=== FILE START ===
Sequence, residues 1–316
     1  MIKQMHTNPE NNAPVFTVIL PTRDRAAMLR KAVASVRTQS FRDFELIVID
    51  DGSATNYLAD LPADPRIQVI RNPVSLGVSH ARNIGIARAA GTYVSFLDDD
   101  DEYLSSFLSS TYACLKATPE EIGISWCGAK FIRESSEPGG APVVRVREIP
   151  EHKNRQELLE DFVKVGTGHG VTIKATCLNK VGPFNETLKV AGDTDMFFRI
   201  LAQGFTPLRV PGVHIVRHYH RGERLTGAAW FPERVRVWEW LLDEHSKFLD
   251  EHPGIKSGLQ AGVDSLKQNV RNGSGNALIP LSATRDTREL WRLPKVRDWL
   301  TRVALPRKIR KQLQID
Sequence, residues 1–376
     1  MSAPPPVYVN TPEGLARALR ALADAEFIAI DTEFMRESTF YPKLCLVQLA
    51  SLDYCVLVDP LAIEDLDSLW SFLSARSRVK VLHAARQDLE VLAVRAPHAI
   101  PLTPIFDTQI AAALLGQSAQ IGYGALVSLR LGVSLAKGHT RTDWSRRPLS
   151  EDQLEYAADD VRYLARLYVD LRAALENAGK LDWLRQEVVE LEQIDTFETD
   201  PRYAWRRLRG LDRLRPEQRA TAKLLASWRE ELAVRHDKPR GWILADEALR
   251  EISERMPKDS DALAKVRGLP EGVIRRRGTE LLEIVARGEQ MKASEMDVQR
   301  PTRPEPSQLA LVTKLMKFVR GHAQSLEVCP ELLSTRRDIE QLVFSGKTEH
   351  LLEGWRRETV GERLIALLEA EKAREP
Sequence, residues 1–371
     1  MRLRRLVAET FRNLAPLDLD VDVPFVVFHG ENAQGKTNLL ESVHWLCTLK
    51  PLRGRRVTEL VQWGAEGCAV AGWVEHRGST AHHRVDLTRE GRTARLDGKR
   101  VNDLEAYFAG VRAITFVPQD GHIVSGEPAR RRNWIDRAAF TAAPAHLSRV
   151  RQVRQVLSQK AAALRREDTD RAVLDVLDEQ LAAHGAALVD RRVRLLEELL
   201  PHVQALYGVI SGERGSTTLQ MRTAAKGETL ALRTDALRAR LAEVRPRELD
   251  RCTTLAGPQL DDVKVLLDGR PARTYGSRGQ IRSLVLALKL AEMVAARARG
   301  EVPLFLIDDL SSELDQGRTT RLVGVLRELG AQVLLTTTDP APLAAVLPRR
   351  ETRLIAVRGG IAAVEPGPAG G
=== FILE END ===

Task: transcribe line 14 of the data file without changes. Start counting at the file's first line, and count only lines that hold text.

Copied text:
   201  PRYAWRRLRG LDRLRPEQRA TAKLLASWRE ELAVRHDKPR GWILADEALR